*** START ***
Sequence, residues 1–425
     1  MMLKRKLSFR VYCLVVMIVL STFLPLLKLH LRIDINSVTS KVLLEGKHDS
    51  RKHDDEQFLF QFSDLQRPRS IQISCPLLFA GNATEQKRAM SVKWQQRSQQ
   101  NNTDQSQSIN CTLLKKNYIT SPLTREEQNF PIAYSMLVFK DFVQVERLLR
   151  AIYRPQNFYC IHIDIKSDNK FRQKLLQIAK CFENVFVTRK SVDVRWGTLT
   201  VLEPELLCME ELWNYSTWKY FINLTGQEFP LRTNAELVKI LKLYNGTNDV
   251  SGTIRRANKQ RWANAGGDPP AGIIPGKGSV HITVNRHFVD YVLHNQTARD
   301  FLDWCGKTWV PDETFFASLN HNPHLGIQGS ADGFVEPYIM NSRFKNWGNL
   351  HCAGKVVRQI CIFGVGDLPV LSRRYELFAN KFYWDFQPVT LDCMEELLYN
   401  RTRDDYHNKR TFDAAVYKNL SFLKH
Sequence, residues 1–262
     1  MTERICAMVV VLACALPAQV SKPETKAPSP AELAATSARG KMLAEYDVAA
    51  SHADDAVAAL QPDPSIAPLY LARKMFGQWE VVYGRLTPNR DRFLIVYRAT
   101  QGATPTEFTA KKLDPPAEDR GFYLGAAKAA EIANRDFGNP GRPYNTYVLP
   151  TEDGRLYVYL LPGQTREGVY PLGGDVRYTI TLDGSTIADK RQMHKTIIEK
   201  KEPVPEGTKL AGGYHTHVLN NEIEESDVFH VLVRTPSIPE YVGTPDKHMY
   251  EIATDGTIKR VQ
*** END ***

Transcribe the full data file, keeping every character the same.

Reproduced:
Sequence, residues 1–425
     1  MMLKRKLSFR VYCLVVMIVL STFLPLLKLH LRIDINSVTS KVLLEGKHDS
    51  RKHDDEQFLF QFSDLQRPRS IQISCPLLFA GNATEQKRAM SVKWQQRSQQ
   101  NNTDQSQSIN CTLLKKNYIT SPLTREEQNF PIAYSMLVFK DFVQVERLLR
   151  AIYRPQNFYC IHIDIKSDNK FRQKLLQIAK CFENVFVTRK SVDVRWGTLT
   201  VLEPELLCME ELWNYSTWKY FINLTGQEFP LRTNAELVKI LKLYNGTNDV
   251  SGTIRRANKQ RWANAGGDPP AGIIPGKGSV HITVNRHFVD YVLHNQTARD
   301  FLDWCGKTWV PDETFFASLN HNPHLGIQGS ADGFVEPYIM NSRFKNWGNL
   351  HCAGKVVRQI CIFGVGDLPV LSRRYELFAN KFYWDFQPVT LDCMEELLYN
   401  RTRDDYHNKR TFDAAVYKNL SFLKH
Sequence, residues 1–262
     1  MTERICAMVV VLACALPAQV SKPETKAPSP AELAATSARG KMLAEYDVAA
    51  SHADDAVAAL QPDPSIAPLY LARKMFGQWE VVYGRLTPNR DRFLIVYRAT
   101  QGATPTEFTA KKLDPPAEDR GFYLGAAKAA EIANRDFGNP GRPYNTYVLP
   151  TEDGRLYVYL LPGQTREGVY PLGGDVRYTI TLDGSTIADK RQMHKTIIEK
   201  KEPVPEGTKL AGGYHTHVLN NEIEESDVFH VLVRTPSIPE YVGTPDKHMY
   251  EIATDGTIKR VQ